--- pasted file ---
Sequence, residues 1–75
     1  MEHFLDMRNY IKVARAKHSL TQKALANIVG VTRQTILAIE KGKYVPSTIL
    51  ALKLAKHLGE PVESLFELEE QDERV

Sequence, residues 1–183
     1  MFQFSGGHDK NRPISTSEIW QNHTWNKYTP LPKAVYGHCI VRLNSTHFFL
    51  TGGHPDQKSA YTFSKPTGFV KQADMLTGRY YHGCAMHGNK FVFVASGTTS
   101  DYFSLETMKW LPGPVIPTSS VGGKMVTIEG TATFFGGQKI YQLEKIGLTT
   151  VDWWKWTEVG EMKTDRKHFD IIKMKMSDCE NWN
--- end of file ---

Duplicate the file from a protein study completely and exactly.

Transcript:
Sequence, residues 1–75
     1  MEHFLDMRNY IKVARAKHSL TQKALANIVG VTRQTILAIE KGKYVPSTIL
    51  ALKLAKHLGE PVESLFELEE QDERV

Sequence, residues 1–183
     1  MFQFSGGHDK NRPISTSEIW QNHTWNKYTP LPKAVYGHCI VRLNSTHFFL
    51  TGGHPDQKSA YTFSKPTGFV KQADMLTGRY YHGCAMHGNK FVFVASGTTS
   101  DYFSLETMKW LPGPVIPTSS VGGKMVTIEG TATFFGGQKI YQLEKIGLTT
   151  VDWWKWTEVG EMKTDRKHFD IIKMKMSDCE NWN